For older trout, this protein demand is lessened slightly. Larger feeds would thus have a composition with 38 – 45% protein and less fat. Aquaculture ponds with intensive production outputs may stick to high-protein diets with about 18 – 24% fat. The best feeds are those which have highly digestible proteins and reduced ash content. These support the efficient conversion of feeds to fish mass.
If you’re currently in search of trout feed manufacturers, make sure to consider your intended production rate for your fish. If you require a high-energy diet for rapid growth, the feed formulation’s protein to energy ratio should be around 20:1. Note that formulations with higher amounts of protein may be harder for the fish to digest and may result in more feed waste. In contrast, those with lower protein contents may have excess fat.
Special Feed Formulations
Given today’s advances in fish nutrition and feed development, there are now many specialized formulations made for trout farmers with unique goals. Of course, these are much more expensive than conventional trout feeds. Fish farmers that intend to grow trout in a more sustainable manner, with respect to the sources of ingredients in their feeds and with the intention of minimizing nutrient-rich waste, should be able to find high-quality, low-phosphorus feeds.
There are now formulations with proteins that are supplied by a considerable portion of insect meal instead of fish meal. Fish fed with these feeds appeal to environmentally aware consumers who would like to reduce their food-related carbon footprint. There are also feeds with higher astaxanthin contents for trout farmers that wish to increase the intensity of their fish’s red to orange pigmentation. Special medicated diets are also available on the market and can be used to rehabilitate stressed trout.
Trout Feeding Practices
Many trout farmers wish to grow their fish as quickly as possible and in a financially lucrative manner. This requires taking into account how efficiently trout are able to assimilate the nutrients from fish feeds. It doesn’t follow that more feeds result in more meat as the amount converted is largely dependent on temperature and on the size of the fish.
For example, smaller fish tend to have higher metabolic rates, particularly if they are reared in relatively warm water. This is due to their higher developmental demand for proteins and their poikilothermic nature (i.e. metabolic processes are sped up in higher temperatures). Larger fish naturally have slower growth rates and are thus unable to convert as many nutrients into body mass. Feeding them with more than the recommended feed amounts would result in more waste.
Pay close attention to the water temperature whenever you feed trout. As temperatures begin to cool, trout metabolic rates will slow down. If temperatures dip to below 3˚C (38˚F), growth may be arrested completely. This is why, in northern temperate zones, trout in outdoor ponds should only be fed with a maintenance diet through winter. The maintenance dosage should not go beyond 1.5% of the body mass per fish.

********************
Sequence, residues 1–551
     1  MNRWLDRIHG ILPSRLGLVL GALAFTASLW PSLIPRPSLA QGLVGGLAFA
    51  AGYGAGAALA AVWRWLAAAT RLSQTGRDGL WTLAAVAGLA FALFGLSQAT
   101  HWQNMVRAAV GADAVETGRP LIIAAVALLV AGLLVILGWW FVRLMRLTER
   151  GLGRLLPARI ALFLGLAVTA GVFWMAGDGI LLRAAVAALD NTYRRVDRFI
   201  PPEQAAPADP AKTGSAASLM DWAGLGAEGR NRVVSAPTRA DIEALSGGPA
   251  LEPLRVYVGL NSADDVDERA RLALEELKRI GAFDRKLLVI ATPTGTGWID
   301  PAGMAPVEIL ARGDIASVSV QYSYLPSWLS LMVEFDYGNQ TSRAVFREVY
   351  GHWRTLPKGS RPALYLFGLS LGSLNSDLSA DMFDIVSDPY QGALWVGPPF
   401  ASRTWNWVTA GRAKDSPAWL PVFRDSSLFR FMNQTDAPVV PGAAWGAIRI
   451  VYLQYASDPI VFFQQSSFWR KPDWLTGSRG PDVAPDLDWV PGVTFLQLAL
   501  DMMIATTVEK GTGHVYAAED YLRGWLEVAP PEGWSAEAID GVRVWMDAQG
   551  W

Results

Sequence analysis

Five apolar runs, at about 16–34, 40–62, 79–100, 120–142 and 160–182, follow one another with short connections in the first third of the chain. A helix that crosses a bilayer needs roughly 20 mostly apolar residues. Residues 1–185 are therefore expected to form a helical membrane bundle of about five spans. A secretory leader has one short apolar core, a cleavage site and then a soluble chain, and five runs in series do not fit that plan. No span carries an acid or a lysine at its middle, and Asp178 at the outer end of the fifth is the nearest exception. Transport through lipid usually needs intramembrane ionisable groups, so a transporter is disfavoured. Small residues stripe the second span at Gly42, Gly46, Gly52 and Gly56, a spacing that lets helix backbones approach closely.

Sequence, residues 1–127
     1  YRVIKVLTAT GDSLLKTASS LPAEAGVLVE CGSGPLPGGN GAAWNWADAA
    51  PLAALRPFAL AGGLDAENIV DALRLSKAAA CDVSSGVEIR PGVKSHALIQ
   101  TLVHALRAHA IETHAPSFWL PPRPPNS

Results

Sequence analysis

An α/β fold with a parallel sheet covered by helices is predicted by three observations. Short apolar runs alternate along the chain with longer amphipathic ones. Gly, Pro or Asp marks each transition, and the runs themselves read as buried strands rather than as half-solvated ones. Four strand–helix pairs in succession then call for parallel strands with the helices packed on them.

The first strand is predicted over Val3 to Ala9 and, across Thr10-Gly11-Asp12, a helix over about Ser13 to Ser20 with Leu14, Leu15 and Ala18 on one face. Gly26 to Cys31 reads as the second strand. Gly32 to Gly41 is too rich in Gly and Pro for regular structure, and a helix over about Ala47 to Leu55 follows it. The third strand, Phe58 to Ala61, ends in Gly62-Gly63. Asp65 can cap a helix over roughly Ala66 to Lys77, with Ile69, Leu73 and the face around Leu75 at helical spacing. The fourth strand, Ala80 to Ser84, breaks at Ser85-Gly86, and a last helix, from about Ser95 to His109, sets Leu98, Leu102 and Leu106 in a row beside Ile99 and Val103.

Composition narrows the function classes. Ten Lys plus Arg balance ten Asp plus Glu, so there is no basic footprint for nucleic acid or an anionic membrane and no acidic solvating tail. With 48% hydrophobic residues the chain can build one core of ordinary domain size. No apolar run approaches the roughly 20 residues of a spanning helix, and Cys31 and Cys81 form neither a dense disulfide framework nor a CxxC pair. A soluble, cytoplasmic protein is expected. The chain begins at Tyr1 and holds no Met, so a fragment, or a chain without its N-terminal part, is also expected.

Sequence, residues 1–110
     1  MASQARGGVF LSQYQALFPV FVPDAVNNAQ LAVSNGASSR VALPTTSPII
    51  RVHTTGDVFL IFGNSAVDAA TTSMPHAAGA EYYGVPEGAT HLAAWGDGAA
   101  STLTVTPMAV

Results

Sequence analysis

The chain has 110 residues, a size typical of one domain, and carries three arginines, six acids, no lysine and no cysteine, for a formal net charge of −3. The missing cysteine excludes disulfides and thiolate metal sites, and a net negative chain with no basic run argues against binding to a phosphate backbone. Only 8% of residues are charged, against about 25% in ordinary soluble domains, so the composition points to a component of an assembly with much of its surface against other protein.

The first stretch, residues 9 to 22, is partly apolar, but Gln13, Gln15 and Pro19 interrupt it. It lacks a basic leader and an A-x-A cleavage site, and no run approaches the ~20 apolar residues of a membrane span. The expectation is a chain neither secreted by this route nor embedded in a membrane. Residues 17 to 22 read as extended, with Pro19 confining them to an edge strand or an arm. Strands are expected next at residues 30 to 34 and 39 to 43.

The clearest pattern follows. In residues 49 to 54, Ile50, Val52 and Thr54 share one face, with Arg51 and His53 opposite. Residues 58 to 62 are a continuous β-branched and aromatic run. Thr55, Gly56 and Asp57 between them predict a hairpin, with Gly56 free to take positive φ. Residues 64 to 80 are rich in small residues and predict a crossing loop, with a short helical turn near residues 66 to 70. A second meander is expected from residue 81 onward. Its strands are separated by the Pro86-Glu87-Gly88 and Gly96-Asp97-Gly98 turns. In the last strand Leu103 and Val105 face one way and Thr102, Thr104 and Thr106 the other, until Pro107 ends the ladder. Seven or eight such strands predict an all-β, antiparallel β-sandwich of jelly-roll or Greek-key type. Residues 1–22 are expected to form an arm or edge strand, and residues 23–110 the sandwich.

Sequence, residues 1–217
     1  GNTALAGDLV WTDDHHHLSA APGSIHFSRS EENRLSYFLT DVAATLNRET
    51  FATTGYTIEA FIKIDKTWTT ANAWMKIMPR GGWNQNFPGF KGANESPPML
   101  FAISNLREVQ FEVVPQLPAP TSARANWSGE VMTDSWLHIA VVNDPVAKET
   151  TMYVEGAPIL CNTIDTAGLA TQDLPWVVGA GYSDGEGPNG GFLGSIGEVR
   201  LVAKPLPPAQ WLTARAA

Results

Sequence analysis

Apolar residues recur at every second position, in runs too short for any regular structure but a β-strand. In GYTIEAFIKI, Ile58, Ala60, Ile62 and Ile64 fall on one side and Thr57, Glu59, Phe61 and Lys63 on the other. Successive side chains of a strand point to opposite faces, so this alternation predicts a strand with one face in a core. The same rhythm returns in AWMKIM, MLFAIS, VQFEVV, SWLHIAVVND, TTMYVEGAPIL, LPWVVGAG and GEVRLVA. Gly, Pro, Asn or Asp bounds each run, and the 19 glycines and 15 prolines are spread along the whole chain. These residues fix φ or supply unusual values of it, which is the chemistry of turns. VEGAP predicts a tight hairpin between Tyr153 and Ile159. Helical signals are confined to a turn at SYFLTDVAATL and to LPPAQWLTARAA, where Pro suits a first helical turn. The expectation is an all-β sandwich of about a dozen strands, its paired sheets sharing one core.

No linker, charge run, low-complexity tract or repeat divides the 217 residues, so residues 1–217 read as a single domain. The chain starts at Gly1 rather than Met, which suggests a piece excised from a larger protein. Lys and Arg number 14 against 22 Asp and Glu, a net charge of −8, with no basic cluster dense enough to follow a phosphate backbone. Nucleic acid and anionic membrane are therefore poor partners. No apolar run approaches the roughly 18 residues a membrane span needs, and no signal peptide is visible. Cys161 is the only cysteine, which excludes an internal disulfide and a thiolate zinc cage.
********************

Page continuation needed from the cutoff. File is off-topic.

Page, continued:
Commercial trout feeds usually come with a feeding guide that indicates what pellet size and feed dosage are best for a given fish mass and temperature. You will need to keep a record of the average size and abundance of fish in the pond to make sound approximations about their feed requirements.
Feeding Trout With Forage Fish
If you intend to grow trout in a natural and unfed pond, you’ll need to establish a self-sustaining forage base for them to feed on. Fertilized ponds with ample vegetation are generally able to support a small population of trout (50 – 100 pounds per acre) without the need for supplementary feeds. As the population size and average body weight increase, natural food sources may become significantly depleted. Trout may need to be harvested for forage fish populations to recover.
Minnows may be used as forage fish for trout. Note that stocking larger and more aggressive freshwater fish, such as bass, may deplete trout populations. Bass feed on fish that are smaller than them, so trout will naturally form a part of their forage base.
Best Time to Feed Trout
Trout ponds that are fed with supplementary feeds are usually equipped with automatic feeders. They may be handfed as well, but it must be noted that this method is quite tedious and demanding for large ponds. This is because farmed trout will need to be fed multiple times a day. Depending on the stage of their growth, trout can be fed anywhere from 3 – 10 times per day.
Feeding times should ideally be spread out. Trout can begin to feed actively early in the morning, temperatures permitting. They are usually most comfortable feeding in temperatures ranging from 7 – 20˚C (45 – 68˚F). At temperatures at the higher end of this range, they should be even more active. At temperatures lower than 45˚C, it may be necessary to reduce feeding times to just 1 – 2 times per week. At temperatures above 68˚C, trout may become visibly stressed and should not be fed. Feeding can be resumed at a rate of once per day once temperatures decrease.
If you intend to provide supplementary feeds just once per day (in the case of recreational ponds), aim to feed trout first thing in the morning. Keep in mind that intensively-farmed fish must be fed multiple times a day with a feed dosage that is recommended by the feed manufacturer.